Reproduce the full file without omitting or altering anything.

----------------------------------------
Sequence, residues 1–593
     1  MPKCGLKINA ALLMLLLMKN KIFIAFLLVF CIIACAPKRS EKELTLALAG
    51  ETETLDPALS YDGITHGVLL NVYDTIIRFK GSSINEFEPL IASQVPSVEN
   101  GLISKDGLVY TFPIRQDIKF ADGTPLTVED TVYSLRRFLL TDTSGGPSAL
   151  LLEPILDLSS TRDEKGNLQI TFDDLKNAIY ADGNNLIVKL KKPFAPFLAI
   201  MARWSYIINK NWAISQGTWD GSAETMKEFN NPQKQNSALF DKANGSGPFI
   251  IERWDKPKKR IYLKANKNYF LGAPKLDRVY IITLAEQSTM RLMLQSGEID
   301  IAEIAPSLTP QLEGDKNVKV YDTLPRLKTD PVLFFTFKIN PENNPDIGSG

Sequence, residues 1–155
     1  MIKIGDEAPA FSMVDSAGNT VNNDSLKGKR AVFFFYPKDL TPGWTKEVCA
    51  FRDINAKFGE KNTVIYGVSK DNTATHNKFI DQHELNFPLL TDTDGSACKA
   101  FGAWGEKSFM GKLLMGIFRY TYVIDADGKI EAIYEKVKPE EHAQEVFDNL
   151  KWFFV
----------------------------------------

Sequence, residues 1–593
     1  MPKCGLKINA ALLMLLLMKN KIFIAFLLVF CIIACAPKRS EKELTLALAG
    51  ETETLDPALS YDGITHGVLL NVYDTIIRFK GSSINEFEPL IASQVPSVEN
   101  GLISKDGLVY TFPIRQDIKF ADGTPLTVED TVYSLRRFLL TDTSGGPSAL
   151  LLEPILDLSS TRDEKGNLQI TFDDLKNAIY ADGNNLIVKL KKPFAPFLAI
   201  MARWSYIINK NWAISQGTWD GSAETMKEFN NPQKQNSALF DKANGSGPFI
   251  IERWDKPKKR IYLKANKNYF LGAPKLDRVY IITLAEQSTM RLMLQSGEID
   301  IAEIAPSLTP QLEGDKNVKV YDTLPRLKTD PVLFFTFKIN PENNPDIGSG

Sequence, residues 1–155
     1  MIKIGDEAPA FSMVDSAGNT VNNDSLKGKR AVFFFYPKDL TPGWTKEVCA
    51  FRDINAKFGE KNTVIYGVSK DNTATHNKFI DQHELNFPLL TDTDGSACKA
   101  FGAWGEKSFM GKLLMGIFRY TYVIDADGKI EAIYEKVKPE EHAQEVFDNL
   151  KWFFV